Fannie Mae blames sell-off on misstep by wire service

WASHINGTON: Mortgage finance giant Fannie Mae blamed a recent one-day sell-off in its shares on its wire service, Business Wire (BW), after BW disseminated a statement that sent Fannie Mae's shareholders into a mild panic, briefly shaving more than $4 billion off the company's market value.

WASHINGTON: Mortgage finance giant Fannie Mae blamed a recent one-day sell-off in its shares on its wire service, Business Wire (BW), after BW disseminated a statement that sent Fannie Mae's shareholders into a mild panic, briefly shaving more than $4 billion off the company's market value.

At 12:40pm EST on October 29, BW sent out a so-called kill advisory - a notice sent out to retract information from a previously disseminated release. That advisory announced that Fannie Mae was "killing" its previously issued October 16 earnings release. The company's stock began trading down shortly thereafter. Fannie Mae shares soon bounced back when a 2:20pm EST press release revealed that the accounting error that caused the kill statement was a minor one.

In a statement issued the next day over PR Newswire (PRN), Business Wire's major competitor, Fannie Mae asserted that it did not authorize the kill.

"We contacted the business service we use to distribute press releases [BW] to inform the service what we planned to do once the documents were finalized," said Jayne Shontell, SVP, IR, in the statement. "Before we even sent the business service the documents to be disclosed, the service - on its own and without our prior knowledge or authorization - put forth a statement, attributed to Fannie Mae, 'killing' our previously issued October 16 press release," explained Shontell.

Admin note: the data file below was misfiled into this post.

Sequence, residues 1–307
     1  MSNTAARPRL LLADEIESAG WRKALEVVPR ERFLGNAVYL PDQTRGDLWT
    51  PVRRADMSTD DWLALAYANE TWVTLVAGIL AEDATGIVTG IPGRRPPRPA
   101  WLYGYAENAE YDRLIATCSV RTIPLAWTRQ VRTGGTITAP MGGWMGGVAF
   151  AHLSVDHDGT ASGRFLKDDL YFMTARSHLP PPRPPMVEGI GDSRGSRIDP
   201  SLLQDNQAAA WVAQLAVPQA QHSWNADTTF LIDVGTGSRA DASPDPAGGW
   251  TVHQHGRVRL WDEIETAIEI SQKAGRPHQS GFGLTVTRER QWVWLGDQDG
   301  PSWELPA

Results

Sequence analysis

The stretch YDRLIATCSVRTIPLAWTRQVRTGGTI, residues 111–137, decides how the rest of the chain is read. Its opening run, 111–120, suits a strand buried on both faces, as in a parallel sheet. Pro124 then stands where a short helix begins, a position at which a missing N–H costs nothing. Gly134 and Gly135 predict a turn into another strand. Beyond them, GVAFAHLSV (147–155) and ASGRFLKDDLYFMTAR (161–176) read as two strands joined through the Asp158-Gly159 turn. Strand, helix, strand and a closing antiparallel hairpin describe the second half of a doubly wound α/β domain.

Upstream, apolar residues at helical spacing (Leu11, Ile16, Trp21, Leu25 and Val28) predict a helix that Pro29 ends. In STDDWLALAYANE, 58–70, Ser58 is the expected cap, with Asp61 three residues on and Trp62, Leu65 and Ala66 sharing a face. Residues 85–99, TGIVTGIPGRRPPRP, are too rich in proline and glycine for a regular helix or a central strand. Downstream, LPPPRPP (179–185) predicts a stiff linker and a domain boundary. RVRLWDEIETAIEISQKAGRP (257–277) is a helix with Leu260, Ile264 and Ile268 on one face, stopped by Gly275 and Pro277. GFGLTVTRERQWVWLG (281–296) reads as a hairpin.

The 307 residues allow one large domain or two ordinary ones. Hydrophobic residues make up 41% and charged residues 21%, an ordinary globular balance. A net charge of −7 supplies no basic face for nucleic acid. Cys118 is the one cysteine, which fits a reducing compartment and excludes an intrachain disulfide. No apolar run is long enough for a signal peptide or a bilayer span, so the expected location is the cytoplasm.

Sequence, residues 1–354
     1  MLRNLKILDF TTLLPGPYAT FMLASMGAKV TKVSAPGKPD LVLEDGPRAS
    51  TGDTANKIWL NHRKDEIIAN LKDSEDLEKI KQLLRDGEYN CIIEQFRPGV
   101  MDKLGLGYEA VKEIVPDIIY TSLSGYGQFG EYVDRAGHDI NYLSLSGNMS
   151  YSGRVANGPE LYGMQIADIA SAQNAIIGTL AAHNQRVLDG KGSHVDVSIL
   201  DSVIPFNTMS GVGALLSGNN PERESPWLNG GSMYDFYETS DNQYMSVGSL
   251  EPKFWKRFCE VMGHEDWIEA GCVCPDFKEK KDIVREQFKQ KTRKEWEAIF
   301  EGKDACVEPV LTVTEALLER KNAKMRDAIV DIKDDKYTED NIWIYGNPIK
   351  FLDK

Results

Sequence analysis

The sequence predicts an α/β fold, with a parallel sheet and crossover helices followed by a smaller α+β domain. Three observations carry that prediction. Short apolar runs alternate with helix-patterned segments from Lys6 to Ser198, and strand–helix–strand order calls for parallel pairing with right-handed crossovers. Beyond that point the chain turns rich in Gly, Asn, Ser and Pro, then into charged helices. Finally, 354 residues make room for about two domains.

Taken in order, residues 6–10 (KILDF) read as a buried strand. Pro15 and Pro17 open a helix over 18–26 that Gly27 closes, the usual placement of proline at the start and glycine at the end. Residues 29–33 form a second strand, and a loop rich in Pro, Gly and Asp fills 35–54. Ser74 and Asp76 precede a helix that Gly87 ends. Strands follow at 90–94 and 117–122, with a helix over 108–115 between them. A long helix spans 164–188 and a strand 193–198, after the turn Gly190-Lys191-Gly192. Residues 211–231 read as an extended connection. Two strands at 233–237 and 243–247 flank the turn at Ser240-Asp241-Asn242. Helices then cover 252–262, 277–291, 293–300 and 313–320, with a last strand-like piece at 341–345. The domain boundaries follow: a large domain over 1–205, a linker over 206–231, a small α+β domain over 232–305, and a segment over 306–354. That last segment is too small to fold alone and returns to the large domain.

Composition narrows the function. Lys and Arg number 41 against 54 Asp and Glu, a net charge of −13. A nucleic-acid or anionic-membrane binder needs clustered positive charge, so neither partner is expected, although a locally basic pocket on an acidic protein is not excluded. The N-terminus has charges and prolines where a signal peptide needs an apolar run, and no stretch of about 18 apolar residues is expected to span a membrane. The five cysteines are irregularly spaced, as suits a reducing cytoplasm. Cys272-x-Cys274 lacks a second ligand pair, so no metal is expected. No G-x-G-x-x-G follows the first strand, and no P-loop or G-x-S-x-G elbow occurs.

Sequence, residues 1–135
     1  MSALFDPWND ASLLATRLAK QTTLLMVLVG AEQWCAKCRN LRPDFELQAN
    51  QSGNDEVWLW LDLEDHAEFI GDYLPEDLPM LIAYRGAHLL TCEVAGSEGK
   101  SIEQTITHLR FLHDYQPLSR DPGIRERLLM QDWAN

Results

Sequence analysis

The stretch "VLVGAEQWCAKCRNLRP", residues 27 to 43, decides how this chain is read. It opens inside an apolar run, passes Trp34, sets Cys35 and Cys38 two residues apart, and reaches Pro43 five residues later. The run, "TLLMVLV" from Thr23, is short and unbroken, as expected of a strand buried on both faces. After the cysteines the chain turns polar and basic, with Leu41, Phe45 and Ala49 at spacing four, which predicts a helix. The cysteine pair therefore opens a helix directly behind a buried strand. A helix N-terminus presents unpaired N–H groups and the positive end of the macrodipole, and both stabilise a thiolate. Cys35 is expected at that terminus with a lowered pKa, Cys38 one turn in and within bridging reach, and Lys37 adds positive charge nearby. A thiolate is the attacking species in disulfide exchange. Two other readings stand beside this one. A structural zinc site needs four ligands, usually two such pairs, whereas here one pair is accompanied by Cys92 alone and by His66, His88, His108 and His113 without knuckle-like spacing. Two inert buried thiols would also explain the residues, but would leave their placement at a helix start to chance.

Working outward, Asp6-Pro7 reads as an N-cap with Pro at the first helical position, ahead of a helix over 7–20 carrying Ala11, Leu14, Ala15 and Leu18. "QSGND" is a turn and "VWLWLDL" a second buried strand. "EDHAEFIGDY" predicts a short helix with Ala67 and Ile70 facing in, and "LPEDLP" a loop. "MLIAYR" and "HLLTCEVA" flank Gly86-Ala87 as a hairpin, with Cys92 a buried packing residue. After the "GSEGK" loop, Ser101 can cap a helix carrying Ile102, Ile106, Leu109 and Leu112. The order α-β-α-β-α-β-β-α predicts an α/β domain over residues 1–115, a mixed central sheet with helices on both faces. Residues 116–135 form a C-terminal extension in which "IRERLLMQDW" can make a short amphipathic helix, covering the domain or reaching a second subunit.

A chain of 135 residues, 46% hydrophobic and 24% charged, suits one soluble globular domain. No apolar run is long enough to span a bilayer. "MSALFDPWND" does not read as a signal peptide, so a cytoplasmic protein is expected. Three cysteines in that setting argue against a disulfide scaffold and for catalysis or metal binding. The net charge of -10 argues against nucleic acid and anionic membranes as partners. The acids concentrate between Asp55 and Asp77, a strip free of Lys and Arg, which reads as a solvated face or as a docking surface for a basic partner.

Cathy Baron Tamraz, president of BW, called the incident "a misunderstanding," and maintained that as BW understood it, Fannie Mae had in fact authorized a kill. She said, however, that BW is "under complete review of all our communications practices," as a result of the incident.

Regarding Fannie Mae's decision to issue its next-day statement through PRN, Tamraz said she was "concerned," but that she still considers the company a client because she had not been told otherwise.

PRN declined to comment on its relations with Fannie Mae. Fannie Mae did not return calls or e-mails seeking comment for this story.

One of the first outlets to break the story, Reuters compared the incident to the notorious 2000 debacle experienced by Internet Wire (now Market Wire), when a former employee sent out a false release about the computer firm Emulex, which sent shares of that company on a wild one-day ride.

Tamraz, however, said the two incidents are entirely different, and that drawing the comparison "reeks of sensationalism." She added, "We are not considering this a security issue. It is a communication issue. When you deal with human beings, misunderstandings will occur from time to time."

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